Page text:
Assembly East panel urges manufacturers to continue investing in productivity.

For U.S. manufacturers to compete with China and other low-cost labor centers, they must continue to increase productivity.

That was the consensus of an expert panel convened at Assembly East, which was held May 5 to 6 at the Hynes Convention Center in Boston. More than 4,000 manufacturing professionals attended the show, which was held in conjunction with three other trade shows: Nepcon East, Electro and Vision East.

"There's always room for improvement," says Steve Savage, vice president of operations at Affordable Interior Systems (Hudson, MA), and one of five manufacturing experts on the panel. "In China, manufacturers are getting the latest technology, so it's critical that we continue to innovate."

Besides Savage, the panelists were Donald E. Peterson, senior project manager at the New Hampshire Manufacturing Extension Partnership (Concorde, NH); Gerard W. Ward, president of CONNSTEP Inc. (Rocky Hill, CT); Jim McClellan, president of McClellan Automation Systems (Bedford, NH); and Brad Householder, a principal with Pittiglio Rabin Todd & McGrath (Waltham, MA).

During the past decade, U.S. manufacturers have achieved remarkable gains in productivity. In 2002, for example, the United States posted its highest annual growth rate in output per hour in 15 years. The panel cited numerous reasons for this success.

Savage attributes productivity growth to the increasing popularity of lean manufacturing. "I'm a big believer in lean manufacturing," he says. "I know people make a lot of the buzzwords, but it all boils down to being passionate about continuous improvement."

He should know. By adopting lean manufacturing, Affordable Interior Systems was able to increase productivity 88 percent. A manufacturer of office furniture, Affordable Interior Systems reduced lead time by 33 percent in just 2 years. More than 40,000 square feet of storage space was converted to production at two facilities, and the company reduced defects by 62 percent and scrap by 54 percent. Such successes helped the company earn a Shingo Prize for Manufacturing Excellence in 2003.

Technological improvements and automation have also contributed to productivity gains. "The recession of the 1990s forced us to implement technology," says Peterson. "The cost of information technology and communications has gone to zero. It used to take a day to get information about what you were making. Now, you can can get that information in 45 seconds or less."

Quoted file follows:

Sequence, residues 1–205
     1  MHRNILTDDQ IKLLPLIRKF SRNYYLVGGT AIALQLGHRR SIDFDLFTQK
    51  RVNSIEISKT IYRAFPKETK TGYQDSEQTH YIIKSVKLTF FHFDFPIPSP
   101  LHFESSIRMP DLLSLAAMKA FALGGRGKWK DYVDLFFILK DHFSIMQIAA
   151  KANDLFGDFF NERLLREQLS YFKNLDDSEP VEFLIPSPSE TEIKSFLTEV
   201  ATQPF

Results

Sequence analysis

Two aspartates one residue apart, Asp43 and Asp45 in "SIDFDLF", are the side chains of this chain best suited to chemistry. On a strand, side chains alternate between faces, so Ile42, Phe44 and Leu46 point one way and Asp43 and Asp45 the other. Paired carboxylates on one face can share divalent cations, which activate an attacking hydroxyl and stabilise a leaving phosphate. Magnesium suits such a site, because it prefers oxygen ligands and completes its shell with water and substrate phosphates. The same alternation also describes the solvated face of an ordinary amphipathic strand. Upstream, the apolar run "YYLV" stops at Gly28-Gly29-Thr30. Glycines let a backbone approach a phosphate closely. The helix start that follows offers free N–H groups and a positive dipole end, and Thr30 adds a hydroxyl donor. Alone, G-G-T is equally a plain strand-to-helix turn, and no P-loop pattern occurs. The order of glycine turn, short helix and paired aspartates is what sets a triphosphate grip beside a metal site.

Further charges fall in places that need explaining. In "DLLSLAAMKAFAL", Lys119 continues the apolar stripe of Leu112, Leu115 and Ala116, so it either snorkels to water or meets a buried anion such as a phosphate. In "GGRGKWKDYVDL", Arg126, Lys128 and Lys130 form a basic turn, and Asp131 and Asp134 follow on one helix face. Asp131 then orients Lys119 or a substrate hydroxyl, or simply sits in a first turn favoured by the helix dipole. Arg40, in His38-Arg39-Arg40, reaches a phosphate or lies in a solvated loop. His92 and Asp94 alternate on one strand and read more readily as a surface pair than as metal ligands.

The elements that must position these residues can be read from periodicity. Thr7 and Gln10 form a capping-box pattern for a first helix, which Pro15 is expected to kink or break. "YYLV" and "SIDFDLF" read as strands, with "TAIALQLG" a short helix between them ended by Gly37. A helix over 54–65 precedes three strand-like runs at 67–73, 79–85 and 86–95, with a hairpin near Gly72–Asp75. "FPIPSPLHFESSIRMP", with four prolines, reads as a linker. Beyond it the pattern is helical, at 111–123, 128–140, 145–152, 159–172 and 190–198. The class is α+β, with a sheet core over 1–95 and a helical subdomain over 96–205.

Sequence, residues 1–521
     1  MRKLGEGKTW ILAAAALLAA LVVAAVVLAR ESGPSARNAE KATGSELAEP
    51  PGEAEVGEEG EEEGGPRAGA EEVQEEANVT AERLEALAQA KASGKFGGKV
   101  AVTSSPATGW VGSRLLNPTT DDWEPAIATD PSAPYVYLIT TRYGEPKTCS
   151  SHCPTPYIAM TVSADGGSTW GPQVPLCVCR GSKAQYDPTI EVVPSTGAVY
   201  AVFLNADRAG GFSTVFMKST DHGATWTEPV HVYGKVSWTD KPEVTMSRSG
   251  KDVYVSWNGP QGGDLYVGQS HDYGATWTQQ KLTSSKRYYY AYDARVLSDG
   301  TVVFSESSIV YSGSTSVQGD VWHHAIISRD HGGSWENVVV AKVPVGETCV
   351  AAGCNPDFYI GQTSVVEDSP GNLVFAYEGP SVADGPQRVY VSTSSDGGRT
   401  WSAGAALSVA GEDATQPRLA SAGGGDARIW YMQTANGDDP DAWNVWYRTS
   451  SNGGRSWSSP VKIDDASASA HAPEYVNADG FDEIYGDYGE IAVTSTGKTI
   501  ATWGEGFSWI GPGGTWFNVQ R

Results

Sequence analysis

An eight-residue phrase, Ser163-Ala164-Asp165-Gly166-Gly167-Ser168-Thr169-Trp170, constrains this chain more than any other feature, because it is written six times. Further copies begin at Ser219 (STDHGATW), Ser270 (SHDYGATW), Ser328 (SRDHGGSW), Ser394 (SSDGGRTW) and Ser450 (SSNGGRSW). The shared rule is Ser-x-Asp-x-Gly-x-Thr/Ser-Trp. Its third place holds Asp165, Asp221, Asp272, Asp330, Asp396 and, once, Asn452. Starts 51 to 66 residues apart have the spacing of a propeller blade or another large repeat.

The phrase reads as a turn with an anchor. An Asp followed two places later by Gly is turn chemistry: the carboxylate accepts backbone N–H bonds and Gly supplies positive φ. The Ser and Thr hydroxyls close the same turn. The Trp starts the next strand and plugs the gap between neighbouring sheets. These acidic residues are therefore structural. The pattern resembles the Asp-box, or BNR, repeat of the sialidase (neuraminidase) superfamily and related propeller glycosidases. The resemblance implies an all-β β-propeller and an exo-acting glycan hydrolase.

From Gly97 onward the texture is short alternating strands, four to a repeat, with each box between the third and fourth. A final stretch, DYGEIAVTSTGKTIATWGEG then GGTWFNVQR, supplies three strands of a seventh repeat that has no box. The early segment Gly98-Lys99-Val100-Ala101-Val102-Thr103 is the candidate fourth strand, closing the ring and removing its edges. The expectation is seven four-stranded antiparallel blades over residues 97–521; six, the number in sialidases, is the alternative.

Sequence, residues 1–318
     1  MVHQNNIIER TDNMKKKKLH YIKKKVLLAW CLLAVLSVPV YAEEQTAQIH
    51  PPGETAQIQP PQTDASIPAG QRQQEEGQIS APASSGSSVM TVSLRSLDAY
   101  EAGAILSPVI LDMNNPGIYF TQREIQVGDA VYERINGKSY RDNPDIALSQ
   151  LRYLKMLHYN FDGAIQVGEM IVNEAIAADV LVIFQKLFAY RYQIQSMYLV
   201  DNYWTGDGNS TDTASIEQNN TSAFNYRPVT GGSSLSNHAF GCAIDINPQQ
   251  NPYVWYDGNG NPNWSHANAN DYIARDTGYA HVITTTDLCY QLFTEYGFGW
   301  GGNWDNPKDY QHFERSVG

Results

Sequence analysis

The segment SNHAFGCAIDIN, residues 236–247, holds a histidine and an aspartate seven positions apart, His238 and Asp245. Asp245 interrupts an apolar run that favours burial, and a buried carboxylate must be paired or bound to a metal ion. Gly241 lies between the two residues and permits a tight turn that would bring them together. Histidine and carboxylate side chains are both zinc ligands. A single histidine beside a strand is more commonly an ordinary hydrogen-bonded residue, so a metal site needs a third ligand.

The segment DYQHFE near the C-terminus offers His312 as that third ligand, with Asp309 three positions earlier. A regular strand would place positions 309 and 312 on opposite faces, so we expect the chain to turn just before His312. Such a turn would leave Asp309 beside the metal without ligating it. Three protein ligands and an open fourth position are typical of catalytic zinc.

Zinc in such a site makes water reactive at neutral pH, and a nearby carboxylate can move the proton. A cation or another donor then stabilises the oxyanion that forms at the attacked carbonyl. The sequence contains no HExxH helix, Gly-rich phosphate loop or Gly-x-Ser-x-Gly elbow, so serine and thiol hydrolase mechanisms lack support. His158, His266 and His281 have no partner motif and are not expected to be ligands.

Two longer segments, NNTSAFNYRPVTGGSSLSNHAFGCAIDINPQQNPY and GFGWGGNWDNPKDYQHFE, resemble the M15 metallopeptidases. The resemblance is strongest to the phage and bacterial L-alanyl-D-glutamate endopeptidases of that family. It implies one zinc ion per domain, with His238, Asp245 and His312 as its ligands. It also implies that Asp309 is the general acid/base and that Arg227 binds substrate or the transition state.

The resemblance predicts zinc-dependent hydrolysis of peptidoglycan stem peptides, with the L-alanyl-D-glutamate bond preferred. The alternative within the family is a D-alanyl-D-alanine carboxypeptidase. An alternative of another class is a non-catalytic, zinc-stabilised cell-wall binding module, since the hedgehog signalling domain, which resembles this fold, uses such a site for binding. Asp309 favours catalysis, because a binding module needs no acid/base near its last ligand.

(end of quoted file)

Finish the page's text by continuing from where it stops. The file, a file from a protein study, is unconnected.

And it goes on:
However, the panel cautioned engineers that automating a process doesn't always mean that productivity improvements will follow. "It's very easy to automate a bad system," Ward points out.

"How many engineers have been victimized by CEOs who come back from trade shows with expensive new technology...that did not address the real bottleneck?" adds Peterson.

One way to avoid the problem of misapplied technology is to contact vendors early in the equipment acquisition process, says McClellan. "Most people get their vendors involved way too late," he says. "The vendor should be involved before you even write the specs."

Workers, too, have played an important role in boosting productivity. "Investment in training has gone up considerably over the past few years," says Householder. "Yes, it's costly. And, if you're growing, it's hard to pull people off the line. But, the investment is worth it."

Can productivity improve too much? Are manufacturers increasing productivity at the expense of employment? The panelists were split. "The recent gains in productivity represent the victory of capital over labor," says Ward. "It has to put downward pressure on labor costs. ...The question is: ‘How much are we willing to tolerate?' You wouldn't want a world where there's no protection for workers."

But, Peterson argues that increasing productivity does not necessarily lead to layoffs. "Toyota didn't get where it is today by getting rid of people," says Peterson. "Increasing productivity has enabled the company to add more features to vehicles at less cost. That makes Toyota vehicles more attractive to consumers, which means Toyota sells more cars and creates more jobs."

Next year, Assembly East, Nepcon East and Electro will be held May 4 and 5 at the new Boston Convention and Exhibition Center.